The Russian-born American choreographer George Balanchine (1904-1983) formed and established the classical style of contemporary ballet in America. His choreography emphasized form rather than content, technique rather than interpretation.
George Balanchine, born Georgi Melitonovitch Balanchivadze in St. Petersburg, Russia, on January 22, 1904, was the son of a famous Russian composer. At the age of 10, he entered the Imperial Ballet School, where he learned the technically precise and athletic Russian dancing style. After the Russian Revolution of 1917, Balanchine continued his training in a new government theater. In 1921 he entered the St. Petersburg Conservatory of Music to study piano while continuing work in ballet at the State Academy of Opera and Ballet. He used a group of dancers from the school to present his earliest choreographed works. One of the students was Tamara Gevergeyeva, later known as Tamara Geva, whom Balanchine married in 1922. She was the first of his four wives, who were all dancers. In 1924, when the group was invited to tour Europe as the Soviet State Dancers, Balanchine defected.
He was discovered in 1925 in Paris by the ballet impresario Sergei Diaghilev. When Diaghilev's most famous choreographer, Nijinska, left his ballet company, Balanchine took her place; at the age of 21 he was the ballet master and principal choreographer of the most famous ballet corps in the world. It was Diaghilev who changed the Russian's name to Balanchine. Balanchine did 10 ballets for him. When Diaghilev died and the company disbanded in 1929, Balanchine moved from one company to another until in 1933 he formed his own company, Les Ballets. That year he met Lincoln Kirstein, a young, rich American, who invited him to head the new School of American Ballet in New York City.
With the School of American Ballet and later with the New York City Ballet, Balanchine established himself as one of the world's leading contemporary classical choreographers. Almost single-handedly he brought academic excellence and quality performance to the American ballet, which had been merely a weak copy of the great European companies.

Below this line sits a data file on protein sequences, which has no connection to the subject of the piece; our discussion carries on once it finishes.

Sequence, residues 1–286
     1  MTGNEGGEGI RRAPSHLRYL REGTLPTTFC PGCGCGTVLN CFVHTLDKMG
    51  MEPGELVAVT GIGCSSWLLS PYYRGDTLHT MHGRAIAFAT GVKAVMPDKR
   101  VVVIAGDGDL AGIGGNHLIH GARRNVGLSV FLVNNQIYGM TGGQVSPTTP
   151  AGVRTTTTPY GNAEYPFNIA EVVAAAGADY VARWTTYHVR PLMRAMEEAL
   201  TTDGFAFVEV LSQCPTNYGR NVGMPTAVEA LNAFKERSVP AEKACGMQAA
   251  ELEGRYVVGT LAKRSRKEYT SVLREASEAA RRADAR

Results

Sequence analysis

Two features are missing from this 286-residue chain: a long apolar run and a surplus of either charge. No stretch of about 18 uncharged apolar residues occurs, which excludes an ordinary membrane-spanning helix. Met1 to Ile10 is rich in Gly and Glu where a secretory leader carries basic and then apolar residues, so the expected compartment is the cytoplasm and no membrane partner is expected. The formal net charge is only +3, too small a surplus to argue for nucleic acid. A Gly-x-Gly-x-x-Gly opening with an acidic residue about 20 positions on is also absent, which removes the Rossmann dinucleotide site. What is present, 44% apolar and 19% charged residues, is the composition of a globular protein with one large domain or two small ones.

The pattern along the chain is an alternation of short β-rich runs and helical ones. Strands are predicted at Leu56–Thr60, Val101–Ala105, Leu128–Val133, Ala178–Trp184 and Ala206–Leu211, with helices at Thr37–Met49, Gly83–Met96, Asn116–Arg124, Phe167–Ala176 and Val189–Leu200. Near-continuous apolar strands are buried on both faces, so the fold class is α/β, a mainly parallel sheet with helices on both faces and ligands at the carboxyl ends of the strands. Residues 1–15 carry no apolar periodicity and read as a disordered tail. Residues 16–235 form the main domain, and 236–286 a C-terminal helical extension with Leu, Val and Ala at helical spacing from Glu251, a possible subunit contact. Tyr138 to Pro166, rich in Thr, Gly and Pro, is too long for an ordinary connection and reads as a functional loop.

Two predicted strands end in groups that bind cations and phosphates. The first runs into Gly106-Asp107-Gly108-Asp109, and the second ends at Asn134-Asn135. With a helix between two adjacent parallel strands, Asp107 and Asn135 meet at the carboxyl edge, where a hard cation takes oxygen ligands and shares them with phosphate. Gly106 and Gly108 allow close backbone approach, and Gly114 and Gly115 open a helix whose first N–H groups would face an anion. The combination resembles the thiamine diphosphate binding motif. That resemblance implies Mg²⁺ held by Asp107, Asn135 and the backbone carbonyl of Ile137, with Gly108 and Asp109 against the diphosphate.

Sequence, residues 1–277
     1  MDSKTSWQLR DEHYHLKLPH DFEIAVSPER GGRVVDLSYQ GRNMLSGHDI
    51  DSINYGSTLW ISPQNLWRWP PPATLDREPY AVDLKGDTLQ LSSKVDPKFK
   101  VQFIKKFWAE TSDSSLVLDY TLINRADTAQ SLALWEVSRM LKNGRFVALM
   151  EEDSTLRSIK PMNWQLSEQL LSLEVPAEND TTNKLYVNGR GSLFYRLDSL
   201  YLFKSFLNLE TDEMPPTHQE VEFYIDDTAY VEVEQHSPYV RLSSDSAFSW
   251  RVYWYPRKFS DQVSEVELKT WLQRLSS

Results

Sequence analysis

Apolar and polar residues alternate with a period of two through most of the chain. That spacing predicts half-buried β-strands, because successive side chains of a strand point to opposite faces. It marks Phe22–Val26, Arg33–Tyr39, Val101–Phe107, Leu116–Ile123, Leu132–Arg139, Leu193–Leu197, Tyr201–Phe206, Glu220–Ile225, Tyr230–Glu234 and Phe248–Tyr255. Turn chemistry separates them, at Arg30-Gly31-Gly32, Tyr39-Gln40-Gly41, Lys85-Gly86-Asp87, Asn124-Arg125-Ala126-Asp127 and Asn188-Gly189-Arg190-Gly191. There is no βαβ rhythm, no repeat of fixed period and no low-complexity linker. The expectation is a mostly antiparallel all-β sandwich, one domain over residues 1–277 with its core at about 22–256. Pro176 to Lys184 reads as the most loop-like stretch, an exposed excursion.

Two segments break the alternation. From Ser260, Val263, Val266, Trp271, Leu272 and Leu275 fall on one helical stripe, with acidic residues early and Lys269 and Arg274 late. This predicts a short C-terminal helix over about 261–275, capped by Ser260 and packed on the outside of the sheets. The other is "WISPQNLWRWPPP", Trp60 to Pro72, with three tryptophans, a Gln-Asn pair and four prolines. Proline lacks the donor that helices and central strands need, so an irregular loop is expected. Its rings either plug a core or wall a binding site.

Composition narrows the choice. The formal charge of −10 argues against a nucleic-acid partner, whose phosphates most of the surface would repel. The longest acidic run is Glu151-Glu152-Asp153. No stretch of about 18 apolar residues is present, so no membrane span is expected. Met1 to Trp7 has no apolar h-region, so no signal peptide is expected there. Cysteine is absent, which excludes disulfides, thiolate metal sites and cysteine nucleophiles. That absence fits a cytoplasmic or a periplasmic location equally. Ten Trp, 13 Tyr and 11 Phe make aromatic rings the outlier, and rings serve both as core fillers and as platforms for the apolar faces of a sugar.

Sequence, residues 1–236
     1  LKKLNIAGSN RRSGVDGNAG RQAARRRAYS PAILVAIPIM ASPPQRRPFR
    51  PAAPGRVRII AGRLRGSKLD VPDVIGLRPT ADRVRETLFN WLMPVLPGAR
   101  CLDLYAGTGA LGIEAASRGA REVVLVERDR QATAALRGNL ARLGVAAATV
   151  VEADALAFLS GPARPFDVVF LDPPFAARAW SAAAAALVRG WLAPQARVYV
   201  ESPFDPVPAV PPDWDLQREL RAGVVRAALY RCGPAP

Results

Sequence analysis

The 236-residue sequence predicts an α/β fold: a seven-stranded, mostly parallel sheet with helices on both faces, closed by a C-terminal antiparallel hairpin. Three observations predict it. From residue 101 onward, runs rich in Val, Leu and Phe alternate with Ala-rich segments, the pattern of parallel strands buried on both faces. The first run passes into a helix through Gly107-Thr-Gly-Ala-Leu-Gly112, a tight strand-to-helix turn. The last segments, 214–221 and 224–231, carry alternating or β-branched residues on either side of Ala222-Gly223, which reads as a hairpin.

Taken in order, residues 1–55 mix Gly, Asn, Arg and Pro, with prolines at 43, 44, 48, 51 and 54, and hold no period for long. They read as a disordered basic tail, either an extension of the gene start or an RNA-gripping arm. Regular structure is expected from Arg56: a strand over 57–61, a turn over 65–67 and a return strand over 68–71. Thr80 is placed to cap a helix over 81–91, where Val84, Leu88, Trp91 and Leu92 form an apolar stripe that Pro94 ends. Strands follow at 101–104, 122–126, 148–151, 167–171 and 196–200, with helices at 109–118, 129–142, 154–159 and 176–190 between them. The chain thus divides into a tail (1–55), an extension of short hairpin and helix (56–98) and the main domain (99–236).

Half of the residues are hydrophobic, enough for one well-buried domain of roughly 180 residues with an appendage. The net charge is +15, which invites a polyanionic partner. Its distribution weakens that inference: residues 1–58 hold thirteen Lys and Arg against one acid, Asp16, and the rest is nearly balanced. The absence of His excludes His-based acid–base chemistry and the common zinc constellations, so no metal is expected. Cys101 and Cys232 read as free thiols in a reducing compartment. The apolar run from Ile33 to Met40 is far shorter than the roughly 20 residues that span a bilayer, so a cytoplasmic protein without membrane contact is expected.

In 1934 the American Ballet Company became the resident company at the Metropolitan Opera in New York. Audiences were treated to three new Balanchine ballets: Apollo, The Card Party, and The Fairy's Kiss—works that revolutionized American classical ballet style. But Balanchine's daring ballet style and the Metropolitan's conservative artistic policy caused a breach that ultimately terminated the alliance in 1938. His work in the next several years included choreography for Broadway shows and films and two ballets created in 1941 for the American Ballet Caravan, a touring group: Ballet Imperial and Concerto Barocco.
In 1946, following Kirstein's return from service in World War II, he and Balanchine established a new company, the Ballet Society. Initially financed by and limited to subscribers, in 1948 it was opened to the public. The performance of Balanchine's Orpheus was so successful that his company was invited to establish permanent residence at the New York City Center. It did so and was renamed the New York City Ballet. Finally, Balanchine had a school, a company, and a permanent theater. He developed the New York City Ballet into the foremost classical company in America, and to some critics, in the world. Here he created some of his most enduring works, including his Nutcracker and Agon. After the New York City Ballet moved to Lincoln Center's New York State Theatre in 1964, Balanchine added such wide-ranging works as Don Quixote and Union Jack.
Balanchine's choreography was not tied to the virtuosity of the ballerina, the plot, or the decor but to pure dance. The drama was in the dance, and movement was solely related to the music—a perfect dance equivalent to music. For Balanchine, the movement of the body alone created artistic excitement and evoked images of fantasy or reality. He emphasized balance, control, precision, and ease of movement. He rejected the traditional sweet style of romantic ballet, as well as the more acrobatic style of theatrical ballet, in favor of a neoclassic style stripped to its essentials—motion, movement, and music. His dancers became precision instruments of the choreographer, whose ideas and designs came from the music itself.
Balanchine died in New York City on April 30, 1983. Summing up his career in the New York Times, Anna Kisselgoff said, "More than anyone else, he elevated choreography in ballet to an independent art… In an age when ballet had been dependent on a synthesis of spectacle, storytelling, décor, mime, acting and music, and only partly on dancing, George Balanchine insisted that the dance element come first."
Further Reading on George Balanchine
Bernard Taper, Balanchine (1963), is a popular biography. Balanchine is given extensive coverage in George Amberg, Ballet in America: The Emergence of an American Art (1949); Olga Maynard, The American Ballet (1959); Joan Lawson, A History of Ballet and Its Makers (1964); and Ferdinando Reyna, A Concise History of Ballet (trans. 1965).
Additional Biography Sources
Buckle, Richard, and John Taras, George Balanchine: Ballet Master (Random House, 1988).
Mason, Francis, I Remember Balanchine: Recollections of the Ballet Master by Those Who Knew Him (Doubleday, 1991).
New York Times (May 1, 1983).